Wednesday, January 18, 2017
Penrose's Paper Trail
When it comes to the unpredictable nature of genealogical research, sometimes you just have to go with the flow. While I would like to systematically trace our Penrose Hawkes back through each iteration of the United States census from the point at which we found him yesterday in the 1940 enumeration, it turns out my wish may not be granted. There are gaps in the paper trail.
It's tempting to think, when musing over missing appearances in what we can presume would be a regular occurrence, that perhaps our Penrose had not yet arrived in New York for an appearance in that previous 1930 census. Perhaps he was, indeed, still back in his native Ireland.
However, other documents save us from that mistaken assumption. Penrose Hawkes, it appears, left a sufficient paper trail in New York to allow us to trace some earlier highlights of his personal history.
For instance, remember that question I had thought of yesterday, when finding Penrose and his wife Marion in the 1940 census? There had been no mention of anyone named Marion in the 1936 photograph album we've been searching through lately. As it turns out, a marriage record located in New York City provides the answer: Penrose married Marion in Manhattan on 21 October 1937. No wonder Marion hadn't made her appearance in the summertime 1936 family photograph collection back in Ireland. She and Penrose may not even have met by that earlier date.
There were earlier documents to help us piece together Penrose's immigration story, as well. Thanks to records from one passenger list, not only do we learn that Penrose arrived in New York City on the first day of August in 1923, but we get the details on his full name, as well: John Pim Penrose Hawkes. While it is clear his family referred to him as Penrose, not John, it will be helpful to remember that detail, in case searches using the given name Penrose don't yield as much information as we might hope.
The August, 1923, arrival was apparently not his first trip to New York City, however. Earlier documents provide more of his story.
A confirming detail, found in an earlier document dated September 12, 1918, not only was filed under that very first name we previously were unaware of—John—but provided an assuring connection to the home we suspected was his. Penrose's World War I Draft Registration Card indicated, for nearest relative to contact, the response: "Father, Ovens, Cork, Ireland." Ovens, of course, was the parish where we pinpointed the correct Bride Park House residence of the Hawkes family of our photo album.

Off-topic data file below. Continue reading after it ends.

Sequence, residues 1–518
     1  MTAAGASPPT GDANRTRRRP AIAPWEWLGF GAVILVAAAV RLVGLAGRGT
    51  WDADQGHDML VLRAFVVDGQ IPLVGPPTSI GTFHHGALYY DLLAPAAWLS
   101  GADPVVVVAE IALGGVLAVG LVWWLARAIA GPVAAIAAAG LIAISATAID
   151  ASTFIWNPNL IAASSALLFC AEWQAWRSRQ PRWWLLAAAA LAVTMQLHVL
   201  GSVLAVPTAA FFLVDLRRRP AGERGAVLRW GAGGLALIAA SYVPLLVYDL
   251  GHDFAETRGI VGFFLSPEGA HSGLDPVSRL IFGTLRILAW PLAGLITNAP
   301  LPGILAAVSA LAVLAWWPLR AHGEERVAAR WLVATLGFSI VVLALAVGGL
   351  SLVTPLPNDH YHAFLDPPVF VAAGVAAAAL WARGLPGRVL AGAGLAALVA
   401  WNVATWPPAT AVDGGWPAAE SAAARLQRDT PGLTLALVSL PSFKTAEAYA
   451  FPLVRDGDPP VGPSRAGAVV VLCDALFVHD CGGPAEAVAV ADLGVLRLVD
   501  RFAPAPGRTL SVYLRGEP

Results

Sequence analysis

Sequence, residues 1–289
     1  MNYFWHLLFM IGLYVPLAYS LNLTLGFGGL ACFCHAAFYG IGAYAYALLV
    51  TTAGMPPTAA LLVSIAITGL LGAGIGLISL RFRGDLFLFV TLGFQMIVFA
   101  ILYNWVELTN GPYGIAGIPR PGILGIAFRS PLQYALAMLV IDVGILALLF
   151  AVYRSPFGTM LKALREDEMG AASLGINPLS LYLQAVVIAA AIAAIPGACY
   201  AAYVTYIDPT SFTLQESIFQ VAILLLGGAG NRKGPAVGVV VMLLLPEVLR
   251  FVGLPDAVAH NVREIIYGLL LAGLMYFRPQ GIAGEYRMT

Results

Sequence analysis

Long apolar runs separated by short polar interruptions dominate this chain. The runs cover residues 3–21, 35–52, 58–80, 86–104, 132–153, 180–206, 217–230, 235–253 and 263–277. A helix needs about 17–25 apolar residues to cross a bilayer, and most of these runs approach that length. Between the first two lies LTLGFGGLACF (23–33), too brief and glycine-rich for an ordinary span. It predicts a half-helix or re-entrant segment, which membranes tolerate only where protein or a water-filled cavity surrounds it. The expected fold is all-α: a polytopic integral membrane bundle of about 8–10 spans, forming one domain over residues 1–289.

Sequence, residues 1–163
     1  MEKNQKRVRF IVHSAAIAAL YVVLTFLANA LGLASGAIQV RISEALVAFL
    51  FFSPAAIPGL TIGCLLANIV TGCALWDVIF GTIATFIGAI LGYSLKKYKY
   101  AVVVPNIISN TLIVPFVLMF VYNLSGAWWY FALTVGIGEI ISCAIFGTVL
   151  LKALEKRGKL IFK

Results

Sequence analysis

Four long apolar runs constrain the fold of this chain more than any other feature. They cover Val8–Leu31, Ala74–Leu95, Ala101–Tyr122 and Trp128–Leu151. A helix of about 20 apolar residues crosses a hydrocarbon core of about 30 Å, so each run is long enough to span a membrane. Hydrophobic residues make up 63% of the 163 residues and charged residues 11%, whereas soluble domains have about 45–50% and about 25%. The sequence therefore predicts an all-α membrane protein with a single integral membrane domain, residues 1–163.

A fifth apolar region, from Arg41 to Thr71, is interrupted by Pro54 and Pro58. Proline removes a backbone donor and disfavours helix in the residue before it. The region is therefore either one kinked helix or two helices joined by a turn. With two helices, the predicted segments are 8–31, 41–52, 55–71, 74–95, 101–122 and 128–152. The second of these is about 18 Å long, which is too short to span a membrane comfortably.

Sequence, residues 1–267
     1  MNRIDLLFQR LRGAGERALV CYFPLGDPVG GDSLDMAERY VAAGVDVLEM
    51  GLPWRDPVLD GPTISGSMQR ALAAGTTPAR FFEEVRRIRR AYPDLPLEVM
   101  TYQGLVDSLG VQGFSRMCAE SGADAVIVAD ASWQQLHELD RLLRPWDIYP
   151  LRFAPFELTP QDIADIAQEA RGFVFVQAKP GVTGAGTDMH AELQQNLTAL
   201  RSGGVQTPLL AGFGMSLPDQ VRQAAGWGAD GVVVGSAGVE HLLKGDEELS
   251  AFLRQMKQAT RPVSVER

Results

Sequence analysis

While Penrose had been found in those more recent documents living in New York City, this earlier record was completed in an entirely different part of the state: the county of Steuben in upstate New York. In fact, it included information on Penrose's position at work, and named the employer, as well. He was listed as a clerk at a business called T. G. Hawkes and Company, in Corning, New York.
With a name like that, it is easy to presume Penrose went to work in a relative's business. If you made that astute guess, congratulate yourself on your keen observational skills. But don't let that stop you there. Behind the name, T. G. Hawkes and Company, comes a lineage that connects with some fascinating business history.
Remember, if you will, the 1940 census entry indicating Penrose's occupation as representative for a glass company. Though it may sound as if this younger Penrose, at the time of his draft registration, was just a lowly clerk in an enterprise bearing the same surname as his, this was a young man serving as apprentice to a relative whose family not only owned the company, but seemingly had glass works in their very blood lines, as well.
Above: Section of World War I Draft Registration Card for John Penrose Hawkes, Corning, New York, filed on September 12, 1918, in Steuben County; image courtesy Ancestry.com.